### d. Comparison with quasigeostrophic theory

The quasigeostrophic theory is unable to represent the vortex core region. To confirm this we compare the velocities obtained from the PE model with those calculated diagnostically using the quasigeostrophic theory at 12 h. For both the radial and tangential velocities, *u*^{′}_{qg}*υ*^{′}_{qg}*u*^{′}_{qg}^{−1} and *υ*^{′}_{qg}^{−1}. The maxima at a height of 8 km are for both *u*^{′}_{qg}*υ*^{′}_{qg}^{−1}. Comparing the deviations of the AB theory and of the quasigeostrophic assumption with the PE calculations gives the following: at 2 km a 280% error for *u*^{′}_{qg}*υ*^{′}_{qg}*u*^{′}_{ab}*υ*^{′}_{ab}*u*^{′}_{qg}*υ*^{′}_{qg}*u*^{′}_{ab}*υ*^{′}_{ab}

## 4. Horizontal shear, diabatic heating, and friction

*U*

_{0}(=5 m s

^{−1}) is constant and

*L*

_{y}= 8640 km.This flow is illustrated in Fig. 14a. The domain is 11520 km in the

*x*direction and 8640 km in the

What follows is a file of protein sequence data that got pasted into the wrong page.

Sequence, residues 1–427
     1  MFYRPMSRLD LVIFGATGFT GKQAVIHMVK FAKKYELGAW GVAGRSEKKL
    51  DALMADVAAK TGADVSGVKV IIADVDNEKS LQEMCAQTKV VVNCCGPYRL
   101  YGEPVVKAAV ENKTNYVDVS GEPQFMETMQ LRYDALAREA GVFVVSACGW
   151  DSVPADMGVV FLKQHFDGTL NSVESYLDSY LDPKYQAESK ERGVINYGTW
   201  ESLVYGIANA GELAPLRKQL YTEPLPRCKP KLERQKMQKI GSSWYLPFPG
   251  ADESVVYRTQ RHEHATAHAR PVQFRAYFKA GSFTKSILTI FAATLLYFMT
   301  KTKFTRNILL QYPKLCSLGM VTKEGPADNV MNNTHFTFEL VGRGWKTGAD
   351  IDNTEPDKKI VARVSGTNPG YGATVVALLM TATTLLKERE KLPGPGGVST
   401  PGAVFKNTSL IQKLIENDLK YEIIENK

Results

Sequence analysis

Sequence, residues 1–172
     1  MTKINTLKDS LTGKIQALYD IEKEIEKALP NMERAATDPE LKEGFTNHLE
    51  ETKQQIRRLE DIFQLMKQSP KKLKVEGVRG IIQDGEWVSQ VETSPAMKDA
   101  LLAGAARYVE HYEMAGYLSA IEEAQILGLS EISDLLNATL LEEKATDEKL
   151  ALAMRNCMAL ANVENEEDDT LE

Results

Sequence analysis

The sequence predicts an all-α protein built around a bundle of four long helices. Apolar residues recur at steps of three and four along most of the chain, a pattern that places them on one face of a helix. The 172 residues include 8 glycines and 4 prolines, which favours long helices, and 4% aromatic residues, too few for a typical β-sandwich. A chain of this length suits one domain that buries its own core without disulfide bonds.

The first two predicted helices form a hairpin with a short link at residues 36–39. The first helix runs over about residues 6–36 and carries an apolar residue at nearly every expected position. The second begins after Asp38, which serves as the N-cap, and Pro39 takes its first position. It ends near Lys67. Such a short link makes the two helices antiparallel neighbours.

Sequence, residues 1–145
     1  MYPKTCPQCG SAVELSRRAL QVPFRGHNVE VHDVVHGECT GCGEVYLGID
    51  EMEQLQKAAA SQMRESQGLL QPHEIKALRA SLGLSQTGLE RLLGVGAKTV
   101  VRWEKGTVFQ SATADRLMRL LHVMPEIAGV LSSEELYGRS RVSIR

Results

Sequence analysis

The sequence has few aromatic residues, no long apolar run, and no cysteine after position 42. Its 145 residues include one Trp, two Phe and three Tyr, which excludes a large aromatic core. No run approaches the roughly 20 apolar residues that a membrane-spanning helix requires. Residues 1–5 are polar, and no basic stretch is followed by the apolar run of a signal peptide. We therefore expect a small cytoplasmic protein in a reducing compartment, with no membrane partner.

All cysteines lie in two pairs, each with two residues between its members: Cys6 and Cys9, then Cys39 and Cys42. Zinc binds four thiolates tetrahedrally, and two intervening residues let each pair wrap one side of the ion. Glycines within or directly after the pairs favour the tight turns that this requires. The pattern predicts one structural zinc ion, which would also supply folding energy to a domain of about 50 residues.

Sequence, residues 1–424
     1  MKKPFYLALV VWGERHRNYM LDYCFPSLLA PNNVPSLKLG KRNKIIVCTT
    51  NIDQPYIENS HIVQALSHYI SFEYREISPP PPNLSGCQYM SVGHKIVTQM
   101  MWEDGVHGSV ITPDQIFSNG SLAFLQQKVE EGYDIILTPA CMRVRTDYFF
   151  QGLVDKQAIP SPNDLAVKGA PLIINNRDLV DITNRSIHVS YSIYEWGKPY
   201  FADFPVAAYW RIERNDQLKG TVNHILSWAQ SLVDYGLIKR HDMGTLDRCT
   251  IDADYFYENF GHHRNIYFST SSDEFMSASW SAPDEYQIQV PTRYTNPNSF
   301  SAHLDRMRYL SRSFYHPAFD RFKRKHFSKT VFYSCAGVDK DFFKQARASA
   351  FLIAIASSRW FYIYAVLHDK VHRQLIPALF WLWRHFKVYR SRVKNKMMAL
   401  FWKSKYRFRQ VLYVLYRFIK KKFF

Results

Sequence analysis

*y*direction with a horizontal resolution of 30 km. The vertical resolution is 2 km and the height of the domain is 14 km. The initial vorticity and tangential velocity profiles of the superposed vortex are similar to those used by Smith et al. (1990), but vary with height as shown in Fig. 14b and Fig. 14c. Note that the vortex is confined to the lower troposphere initially. Following Ooyama (1969), we assume that the latent heat released in deep convective clouds is proportional to the boundary layer convergence. Here, the flow includes a prescribed heating function that is related to the boundary layer convergence. The heating function

*Q,*which has a specified vertical profile, can be represented in the form that

*w*

_{BL}denotes the vertical velocity at the top of the boundary layer. In contrast to Ooyama (1969), who determines

*χ*from energy considerations in terms of the enthalpy of moist air, it is sufficient for our purposes to define

*χ*as 0.09 sin(

*πz*/

*H*) K m

^{−1}, where

*H*is 14 km and the maximum of heating occurs at 7 km.